To what extent can counselling help with economic depression?
One of the things there is consensus about where I work in healthcare is that counsellors can do something about depression.
But depression has more than one contemporary usage and we seem now to be mixing them up. A lot of my clients are suffering with economic depression. Debt, unemployment, bankruptcy and service withdrawal have been stalking the surgery over the last year and their impact is growing. In Scotland, clinical depression is twice as prevalent among the poor (CPAG, 2011).
I have a client whose main motivation for attending is a warm place to go; others whose appointments have to be arranged to coincide with days they must use the costly local bus service anyway; a man whose ability to eat is based on his ongoing volunteering at a local church... Meanwhile, the news tells me that most of us will have an effective 10 per cent income cut over the next year, the poorest being again differentially more severely affected.
When I listen to these clients’ stories I leave with a sense of heaviness. What help is counselling with this?
Perhaps my heaviness comes from censoring myself. We live in one of the 10 richest countries in the world, which lectures other governments on how our democracy is the correct solution for their social problems, while the gap between the rich and poor here steadily increases. Our government blames the poor for not finding work, or describes them as a ‘feral underclass’ if they steal. I don’t say any of this to my clients…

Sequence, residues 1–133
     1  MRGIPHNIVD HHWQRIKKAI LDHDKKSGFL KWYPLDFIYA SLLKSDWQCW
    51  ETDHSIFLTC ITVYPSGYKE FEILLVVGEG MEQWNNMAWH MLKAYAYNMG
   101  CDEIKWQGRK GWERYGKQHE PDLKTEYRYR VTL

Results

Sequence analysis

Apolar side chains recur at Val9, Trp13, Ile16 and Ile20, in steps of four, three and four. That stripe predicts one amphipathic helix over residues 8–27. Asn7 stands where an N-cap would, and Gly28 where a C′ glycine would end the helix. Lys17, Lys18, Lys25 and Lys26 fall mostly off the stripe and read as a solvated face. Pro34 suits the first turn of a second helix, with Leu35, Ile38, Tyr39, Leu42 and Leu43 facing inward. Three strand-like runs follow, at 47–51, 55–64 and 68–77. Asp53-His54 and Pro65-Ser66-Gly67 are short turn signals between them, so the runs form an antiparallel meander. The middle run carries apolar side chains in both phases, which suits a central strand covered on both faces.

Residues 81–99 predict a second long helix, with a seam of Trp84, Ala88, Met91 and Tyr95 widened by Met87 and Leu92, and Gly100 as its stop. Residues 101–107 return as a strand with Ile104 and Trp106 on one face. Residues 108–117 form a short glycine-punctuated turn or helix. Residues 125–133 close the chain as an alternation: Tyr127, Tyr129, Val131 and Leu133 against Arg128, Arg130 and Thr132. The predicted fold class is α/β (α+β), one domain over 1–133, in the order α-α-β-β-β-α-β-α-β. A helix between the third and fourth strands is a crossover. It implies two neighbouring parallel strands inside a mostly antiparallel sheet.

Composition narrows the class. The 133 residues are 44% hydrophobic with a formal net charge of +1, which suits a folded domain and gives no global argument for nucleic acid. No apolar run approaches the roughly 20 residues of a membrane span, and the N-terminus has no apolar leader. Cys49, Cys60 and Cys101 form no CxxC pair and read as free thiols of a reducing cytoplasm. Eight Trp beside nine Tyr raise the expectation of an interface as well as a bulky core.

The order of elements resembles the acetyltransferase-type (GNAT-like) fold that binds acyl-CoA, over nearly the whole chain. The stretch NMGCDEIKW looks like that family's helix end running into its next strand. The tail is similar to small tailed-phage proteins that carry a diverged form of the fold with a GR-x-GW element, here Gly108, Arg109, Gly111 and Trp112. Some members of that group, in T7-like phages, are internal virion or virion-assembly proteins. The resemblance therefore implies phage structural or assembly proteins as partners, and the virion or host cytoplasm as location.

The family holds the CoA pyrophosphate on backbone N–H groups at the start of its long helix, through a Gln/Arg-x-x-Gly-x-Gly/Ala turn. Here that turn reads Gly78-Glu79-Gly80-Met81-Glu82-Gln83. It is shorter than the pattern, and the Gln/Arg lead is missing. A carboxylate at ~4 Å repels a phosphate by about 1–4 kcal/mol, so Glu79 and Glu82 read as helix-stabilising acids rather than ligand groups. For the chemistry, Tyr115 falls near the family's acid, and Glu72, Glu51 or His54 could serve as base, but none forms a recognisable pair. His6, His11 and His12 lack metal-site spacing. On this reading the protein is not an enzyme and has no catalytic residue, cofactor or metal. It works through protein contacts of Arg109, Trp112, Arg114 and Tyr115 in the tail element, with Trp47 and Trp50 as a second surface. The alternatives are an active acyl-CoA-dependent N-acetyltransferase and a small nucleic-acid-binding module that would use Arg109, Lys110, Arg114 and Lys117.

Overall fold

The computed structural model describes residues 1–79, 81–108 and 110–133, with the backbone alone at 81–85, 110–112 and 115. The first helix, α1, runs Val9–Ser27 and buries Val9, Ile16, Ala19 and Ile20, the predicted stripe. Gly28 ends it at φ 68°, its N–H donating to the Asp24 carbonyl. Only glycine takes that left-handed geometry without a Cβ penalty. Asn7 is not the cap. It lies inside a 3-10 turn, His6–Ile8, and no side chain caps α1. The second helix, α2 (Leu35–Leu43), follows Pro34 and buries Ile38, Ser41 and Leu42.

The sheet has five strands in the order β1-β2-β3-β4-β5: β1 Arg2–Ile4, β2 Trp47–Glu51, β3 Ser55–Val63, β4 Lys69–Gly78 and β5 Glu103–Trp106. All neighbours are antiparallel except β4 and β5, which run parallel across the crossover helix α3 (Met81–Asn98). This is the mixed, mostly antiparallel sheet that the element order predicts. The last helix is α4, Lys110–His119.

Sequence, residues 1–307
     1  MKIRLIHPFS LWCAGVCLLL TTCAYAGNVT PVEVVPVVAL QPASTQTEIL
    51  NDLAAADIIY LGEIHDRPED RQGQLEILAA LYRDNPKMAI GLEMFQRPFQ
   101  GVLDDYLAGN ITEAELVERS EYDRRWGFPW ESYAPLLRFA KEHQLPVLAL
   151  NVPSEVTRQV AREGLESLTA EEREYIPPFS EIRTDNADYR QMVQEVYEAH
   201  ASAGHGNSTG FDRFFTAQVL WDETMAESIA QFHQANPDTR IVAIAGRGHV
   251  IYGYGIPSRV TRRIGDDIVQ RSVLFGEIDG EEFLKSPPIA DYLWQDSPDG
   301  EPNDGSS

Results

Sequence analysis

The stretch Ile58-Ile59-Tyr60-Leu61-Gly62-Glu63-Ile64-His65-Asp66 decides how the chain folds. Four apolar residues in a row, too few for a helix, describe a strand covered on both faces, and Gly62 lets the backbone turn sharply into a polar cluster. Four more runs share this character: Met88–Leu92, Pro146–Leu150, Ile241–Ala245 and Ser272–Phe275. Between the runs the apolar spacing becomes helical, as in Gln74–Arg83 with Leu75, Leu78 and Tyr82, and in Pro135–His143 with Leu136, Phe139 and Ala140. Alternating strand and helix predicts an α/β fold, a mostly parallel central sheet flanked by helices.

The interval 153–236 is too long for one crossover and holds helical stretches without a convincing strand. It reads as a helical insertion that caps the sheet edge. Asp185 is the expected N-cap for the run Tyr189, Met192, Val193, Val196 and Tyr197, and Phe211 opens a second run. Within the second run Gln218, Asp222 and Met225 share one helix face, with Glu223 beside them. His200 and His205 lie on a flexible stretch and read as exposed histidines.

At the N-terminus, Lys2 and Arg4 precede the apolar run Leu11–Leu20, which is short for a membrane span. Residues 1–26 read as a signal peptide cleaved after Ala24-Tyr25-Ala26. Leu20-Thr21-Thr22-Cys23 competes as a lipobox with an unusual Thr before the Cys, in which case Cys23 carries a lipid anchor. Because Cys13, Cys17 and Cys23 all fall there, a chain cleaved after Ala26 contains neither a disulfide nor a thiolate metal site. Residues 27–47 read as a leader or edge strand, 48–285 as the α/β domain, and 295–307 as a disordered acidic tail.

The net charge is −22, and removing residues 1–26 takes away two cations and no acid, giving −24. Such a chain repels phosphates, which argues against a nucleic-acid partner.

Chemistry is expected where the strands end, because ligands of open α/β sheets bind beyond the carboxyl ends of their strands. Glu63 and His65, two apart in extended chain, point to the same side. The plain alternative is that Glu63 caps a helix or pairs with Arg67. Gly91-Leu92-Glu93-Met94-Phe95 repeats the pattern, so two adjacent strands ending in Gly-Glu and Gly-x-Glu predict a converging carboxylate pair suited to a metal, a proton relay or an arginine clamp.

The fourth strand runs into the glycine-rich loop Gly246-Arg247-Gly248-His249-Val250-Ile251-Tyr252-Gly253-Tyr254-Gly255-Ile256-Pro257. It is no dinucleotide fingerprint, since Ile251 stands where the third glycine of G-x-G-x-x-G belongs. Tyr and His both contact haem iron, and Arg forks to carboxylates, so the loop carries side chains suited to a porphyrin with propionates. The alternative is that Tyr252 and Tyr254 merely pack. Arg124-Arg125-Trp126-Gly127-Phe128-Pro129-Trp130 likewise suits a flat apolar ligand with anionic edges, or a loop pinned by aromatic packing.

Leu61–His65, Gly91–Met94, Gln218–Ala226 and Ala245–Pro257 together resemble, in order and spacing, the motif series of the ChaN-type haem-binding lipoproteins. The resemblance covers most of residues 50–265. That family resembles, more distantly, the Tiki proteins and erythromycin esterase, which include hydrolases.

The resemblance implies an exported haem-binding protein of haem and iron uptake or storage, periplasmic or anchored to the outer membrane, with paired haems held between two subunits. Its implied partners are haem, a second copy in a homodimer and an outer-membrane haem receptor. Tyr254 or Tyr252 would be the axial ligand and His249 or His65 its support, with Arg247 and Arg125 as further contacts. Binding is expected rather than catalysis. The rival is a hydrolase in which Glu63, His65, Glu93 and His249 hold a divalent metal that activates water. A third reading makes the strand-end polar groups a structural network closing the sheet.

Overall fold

It seems to me that non-directivity and solidarity are not easy to combine. I guess if I were more congruent I would be angry at what I hear. Would this help? It would help me, but what about my clients? There’s a great risk of being patronisingly naive, maybe even contradictorily disempowering.
However, one of the ways I may help with depression is to engender hope. There are some studies that suggest hope is the business in counselling; clients often improve even before they reach their first appointment. Hopelessness is one of the most prevalent and pervasive symptoms of depression.
What gets people up again? Recognition; caring from others; a sense of agency in adapting to their situation or in changing it… I think this is the challenge for me now. If, as I believe, currently policy is happy to create an underclass, we need to work with our clients to boost their resistance to that definition of themselves.
It will not be pretty to hear but I must not censor. The narratives I hear will have more monotony, more fractures, more anger, more envy (including of me) and more bitterness. Each individual has the potential to ask themselves ‘can something good come of this’? And I believe they can only do this if someone has first heard what they believe is preventing them.
What I need, like my clients, is recognition. I can’t imagine the current ethos of instrumentalism will recognise my efforts, any more than it wants to see inside the heads of my clients (unless they are rioting).
I know I need help and encouragement to think and write in this way, and that in writing this I make class-based analyses and appeals. My hope is that I can find this amongst the counselling community, but I need to hear congruence from others – that they are disgusted or angry about what is being done to our society and they are intent on opposing the effects of this on the most vulnerable
© British Association for Counselling and Psychotherapy 2011.